The project has been broken down into six ‘character areas’, and plans are already well advanced for the first three, which centre around Temple Meads station itself. Bristol Live has reported many times before about the plans for the station, which will see new entrances to the north, east and south, to go with the main entrance up the familiar slope of Temple Approach. People arriving at the station by bus will be brought to a new bus hub at a new bus and transport interchange at the north side at The Friary, which will see the existing car parks built on with a new station facilities and shops created.

People arriving by car will have a new entrance too, on the south side of the river next to Bath Bridge roundabout, with pedestrian access across the railway bridge there, to the station. And at the front of Temple Meads station, there will be new developments, with the 1970s concrete hotel and office block and the old petrol station next door demolished and redeveloped too.

Those plans are already well advanced, and the Government, through Homes England, eventually awarded almost £100 million of funding to start that work last year.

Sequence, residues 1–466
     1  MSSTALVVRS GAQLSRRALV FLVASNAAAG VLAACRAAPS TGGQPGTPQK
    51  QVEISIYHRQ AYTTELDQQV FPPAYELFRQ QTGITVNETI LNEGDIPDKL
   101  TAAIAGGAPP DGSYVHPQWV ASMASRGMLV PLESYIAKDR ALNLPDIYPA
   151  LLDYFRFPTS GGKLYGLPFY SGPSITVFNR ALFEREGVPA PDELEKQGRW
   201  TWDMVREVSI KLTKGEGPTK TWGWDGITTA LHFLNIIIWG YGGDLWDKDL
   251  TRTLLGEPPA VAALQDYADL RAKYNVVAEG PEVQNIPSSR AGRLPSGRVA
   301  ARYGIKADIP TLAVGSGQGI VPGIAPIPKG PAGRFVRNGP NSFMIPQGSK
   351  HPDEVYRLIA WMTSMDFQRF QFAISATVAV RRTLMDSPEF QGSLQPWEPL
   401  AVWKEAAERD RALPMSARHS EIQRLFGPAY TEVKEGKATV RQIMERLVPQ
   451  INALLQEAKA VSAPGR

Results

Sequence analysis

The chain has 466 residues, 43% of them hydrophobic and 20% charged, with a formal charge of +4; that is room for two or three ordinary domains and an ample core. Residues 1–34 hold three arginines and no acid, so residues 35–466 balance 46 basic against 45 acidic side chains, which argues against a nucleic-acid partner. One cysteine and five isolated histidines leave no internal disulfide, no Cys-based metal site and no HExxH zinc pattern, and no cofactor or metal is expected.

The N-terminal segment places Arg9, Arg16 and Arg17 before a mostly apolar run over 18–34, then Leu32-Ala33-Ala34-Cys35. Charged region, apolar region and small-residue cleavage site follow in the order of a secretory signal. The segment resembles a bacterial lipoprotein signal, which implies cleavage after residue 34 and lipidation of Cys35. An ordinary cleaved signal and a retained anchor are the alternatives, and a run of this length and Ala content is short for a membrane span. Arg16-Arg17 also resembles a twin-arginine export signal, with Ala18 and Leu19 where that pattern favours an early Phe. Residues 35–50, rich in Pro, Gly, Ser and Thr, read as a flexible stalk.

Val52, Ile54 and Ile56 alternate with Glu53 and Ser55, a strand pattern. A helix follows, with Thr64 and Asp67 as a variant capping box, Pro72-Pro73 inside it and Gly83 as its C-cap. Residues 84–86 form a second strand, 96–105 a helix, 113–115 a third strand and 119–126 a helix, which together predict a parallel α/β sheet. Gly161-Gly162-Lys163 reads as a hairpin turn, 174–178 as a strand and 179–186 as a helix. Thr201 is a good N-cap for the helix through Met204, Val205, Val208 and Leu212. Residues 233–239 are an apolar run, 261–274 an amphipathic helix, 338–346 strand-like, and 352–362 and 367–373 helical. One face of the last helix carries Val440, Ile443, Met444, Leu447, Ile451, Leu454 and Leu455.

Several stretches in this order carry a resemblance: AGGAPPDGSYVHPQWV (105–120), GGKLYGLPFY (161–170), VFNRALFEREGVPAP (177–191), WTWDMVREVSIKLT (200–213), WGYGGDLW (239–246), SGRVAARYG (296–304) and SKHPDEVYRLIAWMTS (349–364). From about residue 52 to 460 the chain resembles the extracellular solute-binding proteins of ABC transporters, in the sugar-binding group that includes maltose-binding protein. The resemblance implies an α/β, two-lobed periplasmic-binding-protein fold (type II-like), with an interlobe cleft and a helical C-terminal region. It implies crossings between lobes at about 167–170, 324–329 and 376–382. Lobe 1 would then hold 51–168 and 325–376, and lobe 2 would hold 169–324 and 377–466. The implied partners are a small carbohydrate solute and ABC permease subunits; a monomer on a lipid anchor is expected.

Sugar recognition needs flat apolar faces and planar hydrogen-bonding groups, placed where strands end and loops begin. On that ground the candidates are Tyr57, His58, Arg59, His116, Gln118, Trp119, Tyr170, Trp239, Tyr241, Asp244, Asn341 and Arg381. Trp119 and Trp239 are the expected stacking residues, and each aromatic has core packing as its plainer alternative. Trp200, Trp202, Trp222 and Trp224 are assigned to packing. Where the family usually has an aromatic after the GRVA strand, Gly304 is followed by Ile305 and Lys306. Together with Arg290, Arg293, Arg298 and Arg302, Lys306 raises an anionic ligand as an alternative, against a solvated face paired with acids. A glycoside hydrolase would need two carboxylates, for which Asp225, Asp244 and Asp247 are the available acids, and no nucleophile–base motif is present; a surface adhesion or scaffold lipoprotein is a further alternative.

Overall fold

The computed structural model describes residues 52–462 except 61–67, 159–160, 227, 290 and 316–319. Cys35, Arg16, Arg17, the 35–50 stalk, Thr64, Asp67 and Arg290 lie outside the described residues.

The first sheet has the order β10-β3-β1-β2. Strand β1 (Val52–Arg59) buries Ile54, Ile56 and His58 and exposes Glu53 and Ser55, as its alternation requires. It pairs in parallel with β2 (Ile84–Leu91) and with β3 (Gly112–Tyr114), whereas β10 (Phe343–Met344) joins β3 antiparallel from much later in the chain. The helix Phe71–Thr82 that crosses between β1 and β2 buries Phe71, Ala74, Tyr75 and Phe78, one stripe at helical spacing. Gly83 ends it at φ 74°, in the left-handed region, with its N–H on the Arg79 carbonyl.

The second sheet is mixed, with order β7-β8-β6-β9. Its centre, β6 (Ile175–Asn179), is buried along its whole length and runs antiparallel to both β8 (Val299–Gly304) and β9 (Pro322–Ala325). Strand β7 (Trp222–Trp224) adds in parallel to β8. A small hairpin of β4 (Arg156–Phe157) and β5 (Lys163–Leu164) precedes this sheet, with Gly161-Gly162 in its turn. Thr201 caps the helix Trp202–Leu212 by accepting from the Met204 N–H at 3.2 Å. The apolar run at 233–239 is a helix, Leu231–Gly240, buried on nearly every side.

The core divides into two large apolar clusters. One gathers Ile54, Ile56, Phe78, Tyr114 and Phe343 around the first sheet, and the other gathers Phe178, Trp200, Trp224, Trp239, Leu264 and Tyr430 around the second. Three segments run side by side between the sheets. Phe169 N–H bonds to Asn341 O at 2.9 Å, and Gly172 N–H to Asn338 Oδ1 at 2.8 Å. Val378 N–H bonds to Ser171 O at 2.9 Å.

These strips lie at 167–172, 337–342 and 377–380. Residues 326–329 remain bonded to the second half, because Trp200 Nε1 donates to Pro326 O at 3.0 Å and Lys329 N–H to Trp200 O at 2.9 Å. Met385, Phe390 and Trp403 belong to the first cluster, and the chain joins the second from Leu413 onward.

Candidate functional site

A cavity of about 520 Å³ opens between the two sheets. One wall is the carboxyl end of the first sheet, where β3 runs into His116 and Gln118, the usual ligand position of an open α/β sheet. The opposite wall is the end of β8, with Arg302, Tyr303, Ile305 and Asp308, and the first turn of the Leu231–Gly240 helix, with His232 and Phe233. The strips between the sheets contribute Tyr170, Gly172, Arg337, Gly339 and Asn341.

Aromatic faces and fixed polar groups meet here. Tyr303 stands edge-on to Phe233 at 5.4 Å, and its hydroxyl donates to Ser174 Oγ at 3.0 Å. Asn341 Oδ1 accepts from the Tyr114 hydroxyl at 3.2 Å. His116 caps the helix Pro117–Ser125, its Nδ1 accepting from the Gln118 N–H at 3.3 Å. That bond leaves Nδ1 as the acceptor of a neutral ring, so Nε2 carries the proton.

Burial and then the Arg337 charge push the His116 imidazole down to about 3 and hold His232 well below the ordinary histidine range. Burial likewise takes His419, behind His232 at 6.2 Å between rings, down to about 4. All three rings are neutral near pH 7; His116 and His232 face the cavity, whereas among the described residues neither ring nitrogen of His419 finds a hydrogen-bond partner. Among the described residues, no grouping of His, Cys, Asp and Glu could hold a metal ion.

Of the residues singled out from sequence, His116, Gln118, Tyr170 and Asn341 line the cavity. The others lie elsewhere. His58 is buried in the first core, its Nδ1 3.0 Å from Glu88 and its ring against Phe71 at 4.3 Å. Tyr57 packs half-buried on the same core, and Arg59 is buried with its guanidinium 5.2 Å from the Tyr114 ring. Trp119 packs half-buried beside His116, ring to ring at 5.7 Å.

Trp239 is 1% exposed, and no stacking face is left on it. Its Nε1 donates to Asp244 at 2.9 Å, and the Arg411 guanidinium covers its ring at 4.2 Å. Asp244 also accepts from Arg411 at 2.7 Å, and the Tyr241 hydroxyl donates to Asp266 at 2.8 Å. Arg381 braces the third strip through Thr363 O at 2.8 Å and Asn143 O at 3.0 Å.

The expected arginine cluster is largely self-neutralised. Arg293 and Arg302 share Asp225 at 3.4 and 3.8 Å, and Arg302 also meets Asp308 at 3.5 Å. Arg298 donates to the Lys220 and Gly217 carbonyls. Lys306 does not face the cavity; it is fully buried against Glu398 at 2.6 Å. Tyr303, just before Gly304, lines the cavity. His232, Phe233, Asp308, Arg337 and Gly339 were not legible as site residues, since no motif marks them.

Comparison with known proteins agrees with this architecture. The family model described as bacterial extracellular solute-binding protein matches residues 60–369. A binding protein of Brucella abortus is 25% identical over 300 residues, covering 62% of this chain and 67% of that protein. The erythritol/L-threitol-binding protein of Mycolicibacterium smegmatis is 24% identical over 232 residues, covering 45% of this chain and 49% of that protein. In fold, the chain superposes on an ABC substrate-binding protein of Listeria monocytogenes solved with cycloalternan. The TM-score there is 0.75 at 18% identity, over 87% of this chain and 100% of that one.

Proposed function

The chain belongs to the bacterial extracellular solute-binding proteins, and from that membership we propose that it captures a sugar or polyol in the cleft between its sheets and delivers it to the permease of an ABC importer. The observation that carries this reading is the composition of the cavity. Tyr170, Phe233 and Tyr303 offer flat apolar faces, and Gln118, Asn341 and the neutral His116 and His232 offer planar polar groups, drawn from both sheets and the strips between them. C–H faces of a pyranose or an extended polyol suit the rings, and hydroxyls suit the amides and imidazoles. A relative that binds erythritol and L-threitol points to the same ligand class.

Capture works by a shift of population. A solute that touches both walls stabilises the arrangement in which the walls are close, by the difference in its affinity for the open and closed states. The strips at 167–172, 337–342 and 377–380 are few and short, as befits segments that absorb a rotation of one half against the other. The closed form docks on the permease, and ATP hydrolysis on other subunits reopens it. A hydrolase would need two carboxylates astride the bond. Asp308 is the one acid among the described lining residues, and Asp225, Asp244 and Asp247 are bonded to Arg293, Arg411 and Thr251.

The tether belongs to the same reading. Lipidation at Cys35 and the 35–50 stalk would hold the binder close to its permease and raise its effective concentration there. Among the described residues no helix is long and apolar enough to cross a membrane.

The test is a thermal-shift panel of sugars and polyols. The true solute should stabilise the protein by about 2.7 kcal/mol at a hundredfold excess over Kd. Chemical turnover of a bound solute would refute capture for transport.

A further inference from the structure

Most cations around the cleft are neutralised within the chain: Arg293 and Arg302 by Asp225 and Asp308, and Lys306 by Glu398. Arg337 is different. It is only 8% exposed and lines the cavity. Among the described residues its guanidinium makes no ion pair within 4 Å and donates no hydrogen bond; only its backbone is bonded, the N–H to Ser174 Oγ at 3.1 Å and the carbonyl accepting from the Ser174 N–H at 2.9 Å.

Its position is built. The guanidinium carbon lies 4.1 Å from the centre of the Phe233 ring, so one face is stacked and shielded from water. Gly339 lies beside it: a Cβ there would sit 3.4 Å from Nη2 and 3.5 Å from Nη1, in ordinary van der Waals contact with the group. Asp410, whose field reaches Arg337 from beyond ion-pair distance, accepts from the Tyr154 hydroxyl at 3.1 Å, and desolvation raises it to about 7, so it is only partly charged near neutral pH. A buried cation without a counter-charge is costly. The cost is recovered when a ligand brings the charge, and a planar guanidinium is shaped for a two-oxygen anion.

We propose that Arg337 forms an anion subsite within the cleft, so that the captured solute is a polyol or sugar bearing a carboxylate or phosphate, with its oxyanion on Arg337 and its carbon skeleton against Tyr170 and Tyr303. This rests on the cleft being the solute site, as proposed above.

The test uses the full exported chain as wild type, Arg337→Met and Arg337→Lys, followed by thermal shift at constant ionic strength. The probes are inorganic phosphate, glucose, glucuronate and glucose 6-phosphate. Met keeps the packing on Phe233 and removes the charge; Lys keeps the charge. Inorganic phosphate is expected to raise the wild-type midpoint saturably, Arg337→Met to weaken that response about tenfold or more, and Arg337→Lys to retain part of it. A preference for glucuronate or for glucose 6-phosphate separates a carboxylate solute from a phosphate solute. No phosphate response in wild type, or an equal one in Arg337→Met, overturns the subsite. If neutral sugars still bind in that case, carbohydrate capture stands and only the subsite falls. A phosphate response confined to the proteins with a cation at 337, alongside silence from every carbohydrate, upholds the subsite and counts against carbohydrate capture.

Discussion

A fourth ‘character area’ is being pushed forward by developers. The Mead Street area comprises the land at the bottom of Totterdown’s famous Pylle Hill scarp, between the railway line and the river on the south side of York Road. Private developers are already pressing ahead with plans for around a thousand new flats on that land, which currently has empty factories and a Royal Mail sorting office.

Then, even larger redevelopment projects are to take place to the east of Temple Meads, on land around Motion nightclub, the fruit market and the Feeder. There, a new secondary school is already being built, and 10,000 new homes could follow.

It is this that the council has today begun consulting with the people of Bristol about - and the mayor denied the plans had already been decided and the consultation was not worth getting involved with.